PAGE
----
So basically you know how to find the unbroken Lie algebra but do not know how to find the associated Lie group.

To a given Lie algebra $\mathfrak g$ there exists a unique group $\tilde G$, called the universal covering group, with the property of being [simply connected][1]. For example, the covering group of the algebra $\mathfrak{su}(2)$ is $SU(2)$.

The other groups, $\{G\}$, associated to the same algebra can be obtained from the covering group in the following way

$$G=\frac{\tilde G}{Ker(\rho)},$$

where $Ker(\rho)$ is the kernel of the group homomorphism $\rho:\tilde G\rightarrow G$. Once you have defined a particular representation by choosing a particular highest weight, you are able to compute this kernel. For example, you start with an $\mathfrak{su}(2)$ algebra. Then if you choose the adjoint representation (the highest weight being the highest root) you can show that $Ker(\rho)=\mathbb Z_2$ and the group will be $G=SU(2)/\mathbb Z_2=SO(3)$. On the other hand, if you choose the defining representation you get $Ker(\rho)=\mathbb 1$ and $G=SU(2)/\mathbb 1=SU(2)$.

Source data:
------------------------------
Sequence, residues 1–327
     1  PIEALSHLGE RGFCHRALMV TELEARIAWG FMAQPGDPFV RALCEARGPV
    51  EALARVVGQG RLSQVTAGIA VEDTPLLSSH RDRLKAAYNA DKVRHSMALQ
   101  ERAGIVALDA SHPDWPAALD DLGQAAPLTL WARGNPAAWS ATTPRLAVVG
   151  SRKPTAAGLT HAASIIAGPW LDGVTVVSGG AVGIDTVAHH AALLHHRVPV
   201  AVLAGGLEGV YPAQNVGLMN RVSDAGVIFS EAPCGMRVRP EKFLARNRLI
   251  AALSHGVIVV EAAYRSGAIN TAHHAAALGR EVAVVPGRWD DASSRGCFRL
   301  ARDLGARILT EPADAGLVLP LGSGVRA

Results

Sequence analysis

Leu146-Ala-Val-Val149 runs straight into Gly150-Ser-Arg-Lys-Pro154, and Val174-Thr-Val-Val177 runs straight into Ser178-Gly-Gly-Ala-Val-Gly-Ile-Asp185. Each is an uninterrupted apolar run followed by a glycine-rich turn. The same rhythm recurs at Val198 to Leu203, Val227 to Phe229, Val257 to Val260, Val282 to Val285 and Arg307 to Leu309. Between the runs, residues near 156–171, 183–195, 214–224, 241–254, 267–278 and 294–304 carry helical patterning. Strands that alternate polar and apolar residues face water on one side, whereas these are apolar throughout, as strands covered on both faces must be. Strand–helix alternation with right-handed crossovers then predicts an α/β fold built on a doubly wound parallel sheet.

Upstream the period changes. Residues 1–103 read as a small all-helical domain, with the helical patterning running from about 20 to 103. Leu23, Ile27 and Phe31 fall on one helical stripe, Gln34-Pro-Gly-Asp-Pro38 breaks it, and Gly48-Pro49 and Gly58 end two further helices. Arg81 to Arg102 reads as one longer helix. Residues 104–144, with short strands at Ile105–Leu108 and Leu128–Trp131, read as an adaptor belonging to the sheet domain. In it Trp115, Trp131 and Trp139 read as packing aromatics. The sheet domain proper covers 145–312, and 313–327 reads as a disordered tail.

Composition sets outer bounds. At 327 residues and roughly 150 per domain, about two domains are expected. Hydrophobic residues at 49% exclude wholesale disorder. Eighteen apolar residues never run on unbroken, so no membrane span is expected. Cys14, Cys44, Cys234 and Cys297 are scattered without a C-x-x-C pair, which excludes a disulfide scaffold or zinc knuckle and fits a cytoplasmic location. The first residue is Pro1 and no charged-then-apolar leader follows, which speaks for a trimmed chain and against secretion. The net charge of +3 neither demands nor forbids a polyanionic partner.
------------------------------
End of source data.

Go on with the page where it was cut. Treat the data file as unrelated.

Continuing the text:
There are some technical details needed to compute those kernel but in general,

$$Ker(\rho)\subset\mathcal Z(\tilde G),$$

where $\mathcal Z(\tilde G)$ is the center of $\tilde G$, and this center is a finite group which can be obtained from the extended Dynkin diagram.

Same references:

Cornwell, group theory in physics, 1984;

Olive, Turok, Nucl Phys B215, 1983, p470;